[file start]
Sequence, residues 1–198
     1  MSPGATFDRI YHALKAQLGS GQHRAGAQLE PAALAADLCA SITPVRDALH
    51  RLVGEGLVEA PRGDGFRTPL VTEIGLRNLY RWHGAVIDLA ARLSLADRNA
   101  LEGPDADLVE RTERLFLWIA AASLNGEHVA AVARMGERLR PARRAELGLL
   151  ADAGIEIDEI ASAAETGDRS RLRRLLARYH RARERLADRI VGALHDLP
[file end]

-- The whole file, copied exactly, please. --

Sequence, residues 1–198
     1  MSPGATFDRI YHALKAQLGS GQHRAGAQLE PAALAADLCA SITPVRDALH
    51  RLVGEGLVEA PRGDGFRTPL VTEIGLRNLY RWHGAVIDLA ARLSLADRNA
   101  LEGPDADLVE RTERLFLWIA AASLNGEHVA AVARMGERLR PARRAELGLL
   151  ADAGIEIDEI ASAAETGDRS RLRRLLARYH RARERLADRI VGALHDLP